Note that this is a constant if .

(This calculation is called the “birthday paradox,” because it establishes that in a set of elements uniformly distributed, if you pick elements , where is uniformally distributed in the set and is independent, then there is a constant probability that . Specifically, in the case of birthdays, if there are people in a room, then there is a probability over that two of the people in the room have the same birthday.)

Exercise 2If is a secure collision resistant hash function computable in time , then

This should be contrasted with the case of pseudorandom generators and pseudorandom functions, where the security parameter is the seed (or key) length , and the only known generic attack is the one described in a previous exercise which gives

This means that if one wants a secure pseudorandom generator or function where, say, and , then it is somewhat plausible that a key of 128 bits might suffice. The same level of security for a collision-resistant hash function, however, requires a key of at least about 200 bits.

To make matters worse, attacks which are significantly faster than the generic birthday attack have been found for the two constructions of hash functions which are most used in practice: MD5 and SHA-1. MD5, which has , is completely broken by such new attacks. Implementing the new attacks on SHA-1 (which has ) is not yet feasible but is about 1,000 times faster than the birthday attack.

There is a process under way to define new standards for collision-resistant hash functions.

** 2.2. The Merkle-Damgård Transform **

In practice, it is convenient to have collision-resistant hash functions in which the input is allowed to be (essentially) arbitrarily long.

The Merkle-Damgård transform is a generic way to transform a hash function that has into one that is able to handle messages of arbitrary length.

Let a hash functions that compresses by a factor of two.

Then is defined as follows ( is a fixed -bit string, for example the all-zero string):

- Let be the length of
- divide into blocks of length , where
- for to :
- return

We can provide the following security analysis:

Theorem 2If is -secure and has running time , then has security when used to hash messages of length up to .

*Proof:*

Suppose that , given , has a probability of finding messages where and , where . Let us construct an algorithm which:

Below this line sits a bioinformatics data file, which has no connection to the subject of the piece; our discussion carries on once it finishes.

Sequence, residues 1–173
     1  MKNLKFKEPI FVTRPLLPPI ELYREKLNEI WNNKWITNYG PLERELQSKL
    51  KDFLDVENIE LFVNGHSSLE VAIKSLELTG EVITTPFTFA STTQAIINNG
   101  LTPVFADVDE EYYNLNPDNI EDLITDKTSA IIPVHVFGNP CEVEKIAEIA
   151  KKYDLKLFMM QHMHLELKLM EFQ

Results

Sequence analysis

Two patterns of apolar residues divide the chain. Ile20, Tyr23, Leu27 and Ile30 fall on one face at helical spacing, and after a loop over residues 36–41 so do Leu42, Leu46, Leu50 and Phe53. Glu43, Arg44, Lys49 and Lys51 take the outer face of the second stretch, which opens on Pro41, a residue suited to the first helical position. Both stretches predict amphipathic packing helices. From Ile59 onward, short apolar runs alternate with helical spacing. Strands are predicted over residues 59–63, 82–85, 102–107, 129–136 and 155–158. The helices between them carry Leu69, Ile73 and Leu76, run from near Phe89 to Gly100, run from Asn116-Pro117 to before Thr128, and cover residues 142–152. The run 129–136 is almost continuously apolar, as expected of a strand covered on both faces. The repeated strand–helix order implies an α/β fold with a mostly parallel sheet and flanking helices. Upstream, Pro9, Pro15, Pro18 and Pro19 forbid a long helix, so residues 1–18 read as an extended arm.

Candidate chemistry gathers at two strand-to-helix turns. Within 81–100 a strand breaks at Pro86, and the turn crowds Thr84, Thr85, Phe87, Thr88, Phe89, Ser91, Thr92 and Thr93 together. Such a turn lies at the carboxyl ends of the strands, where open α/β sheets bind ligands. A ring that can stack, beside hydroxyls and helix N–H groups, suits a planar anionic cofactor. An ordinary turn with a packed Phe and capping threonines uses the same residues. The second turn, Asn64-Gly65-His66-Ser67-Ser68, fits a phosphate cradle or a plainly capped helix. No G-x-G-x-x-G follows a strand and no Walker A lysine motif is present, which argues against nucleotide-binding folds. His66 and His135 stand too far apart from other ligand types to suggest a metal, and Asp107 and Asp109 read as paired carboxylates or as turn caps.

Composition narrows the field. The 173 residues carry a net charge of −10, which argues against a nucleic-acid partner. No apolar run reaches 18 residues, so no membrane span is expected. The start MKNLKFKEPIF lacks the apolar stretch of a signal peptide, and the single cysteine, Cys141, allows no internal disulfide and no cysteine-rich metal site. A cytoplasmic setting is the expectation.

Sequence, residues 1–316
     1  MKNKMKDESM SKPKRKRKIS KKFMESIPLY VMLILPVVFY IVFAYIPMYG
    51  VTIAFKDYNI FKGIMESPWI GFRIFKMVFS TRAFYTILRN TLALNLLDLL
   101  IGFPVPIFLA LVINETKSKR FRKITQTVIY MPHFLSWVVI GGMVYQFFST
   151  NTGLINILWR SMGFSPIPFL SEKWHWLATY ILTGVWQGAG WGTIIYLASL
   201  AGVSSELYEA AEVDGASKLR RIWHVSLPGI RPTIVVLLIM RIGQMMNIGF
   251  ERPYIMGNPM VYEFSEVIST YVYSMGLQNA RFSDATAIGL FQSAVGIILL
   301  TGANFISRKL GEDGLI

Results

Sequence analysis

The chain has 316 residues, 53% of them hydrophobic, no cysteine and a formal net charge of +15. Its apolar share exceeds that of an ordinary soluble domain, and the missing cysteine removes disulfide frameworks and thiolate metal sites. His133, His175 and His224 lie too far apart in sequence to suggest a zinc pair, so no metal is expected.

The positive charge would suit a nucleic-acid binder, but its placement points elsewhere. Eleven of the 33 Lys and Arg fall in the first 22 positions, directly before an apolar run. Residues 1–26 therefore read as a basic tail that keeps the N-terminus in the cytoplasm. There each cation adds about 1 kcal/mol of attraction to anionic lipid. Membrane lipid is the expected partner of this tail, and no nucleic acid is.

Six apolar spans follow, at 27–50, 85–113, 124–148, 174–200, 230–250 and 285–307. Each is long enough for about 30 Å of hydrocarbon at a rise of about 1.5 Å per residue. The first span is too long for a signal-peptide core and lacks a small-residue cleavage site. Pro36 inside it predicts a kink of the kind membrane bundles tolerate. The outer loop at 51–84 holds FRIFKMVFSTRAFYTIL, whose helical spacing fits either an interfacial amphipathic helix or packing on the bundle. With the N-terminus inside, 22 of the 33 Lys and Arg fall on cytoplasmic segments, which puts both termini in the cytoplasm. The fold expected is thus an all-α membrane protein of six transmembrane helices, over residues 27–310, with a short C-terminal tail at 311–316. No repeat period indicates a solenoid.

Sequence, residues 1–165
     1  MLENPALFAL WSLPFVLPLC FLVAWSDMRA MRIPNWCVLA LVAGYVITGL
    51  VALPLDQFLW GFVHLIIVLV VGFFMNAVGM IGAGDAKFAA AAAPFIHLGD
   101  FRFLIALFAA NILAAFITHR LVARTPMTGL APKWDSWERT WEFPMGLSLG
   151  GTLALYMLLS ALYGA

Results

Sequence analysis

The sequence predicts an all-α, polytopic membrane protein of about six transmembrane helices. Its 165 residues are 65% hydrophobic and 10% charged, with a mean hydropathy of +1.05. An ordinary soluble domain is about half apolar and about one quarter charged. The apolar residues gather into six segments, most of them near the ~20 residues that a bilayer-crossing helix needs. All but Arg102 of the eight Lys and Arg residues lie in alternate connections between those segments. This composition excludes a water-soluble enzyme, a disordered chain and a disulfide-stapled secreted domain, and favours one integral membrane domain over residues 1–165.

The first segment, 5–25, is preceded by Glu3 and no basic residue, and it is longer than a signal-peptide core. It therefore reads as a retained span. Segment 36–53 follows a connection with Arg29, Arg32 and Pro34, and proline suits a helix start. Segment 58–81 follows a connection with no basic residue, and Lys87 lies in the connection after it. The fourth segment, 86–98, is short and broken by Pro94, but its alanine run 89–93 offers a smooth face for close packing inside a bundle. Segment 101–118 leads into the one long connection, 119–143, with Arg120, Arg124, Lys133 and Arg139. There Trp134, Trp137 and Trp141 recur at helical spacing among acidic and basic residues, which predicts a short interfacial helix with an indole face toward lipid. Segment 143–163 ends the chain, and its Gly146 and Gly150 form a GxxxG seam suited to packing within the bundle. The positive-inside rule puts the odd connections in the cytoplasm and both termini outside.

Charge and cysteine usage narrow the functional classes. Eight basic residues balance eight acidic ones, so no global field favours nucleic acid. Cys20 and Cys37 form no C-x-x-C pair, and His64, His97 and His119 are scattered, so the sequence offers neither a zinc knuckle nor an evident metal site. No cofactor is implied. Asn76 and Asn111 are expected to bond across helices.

- Given , runs to find collisions for in . Assume that running takes time .
- Computes both . We know that this takes time on the order of , where is the time of running and assuming without loss of generality that since the Merkle-Damgård Transform, by definition, runs once for each of the blocks of and .
- Finds a collision of that is guaranteed to exist (we will prove this below) in the Merkle-Damgård algorithm. This will take the time of running the algorithm once for each message , which is on the order of , as above.

In order to show that there must be a collision in if there is a collision in , recall that the last computation of the algorithm hashes . We need to consider two cases:

- : By the definition of the problem, we have . The last step of the alrogithm for and generates, respectively, and . This is a collision of on different inputs.
- : This implies that and , as well. Because but , .
Let be the largest index where . If , then and are two (different) colliding strings because .

If , then that implies . Thus, and are two different strings whose hashes collide.

This shows that a collision in implies a collision in , thus guaranteeing for our proof that by executing each stage of the Merkle-Damgård Transform, we can find a collision in if there is a collision in .

Returning to algorithm , we now have established the steps necessary to find collisions of a hash function by finding collisions in . Note that by the definition of the problem, because it uses algorithm which finds collisions with probability , will also find collisions with probability . By the definition of a collision-resistant hash function, we also know that it must have time complexity .

Examining the steps of the algorithm, we know that the time complexity of is . From this, we solve for and get . Thus, we conclude that if finds a collision with probability , it is secure.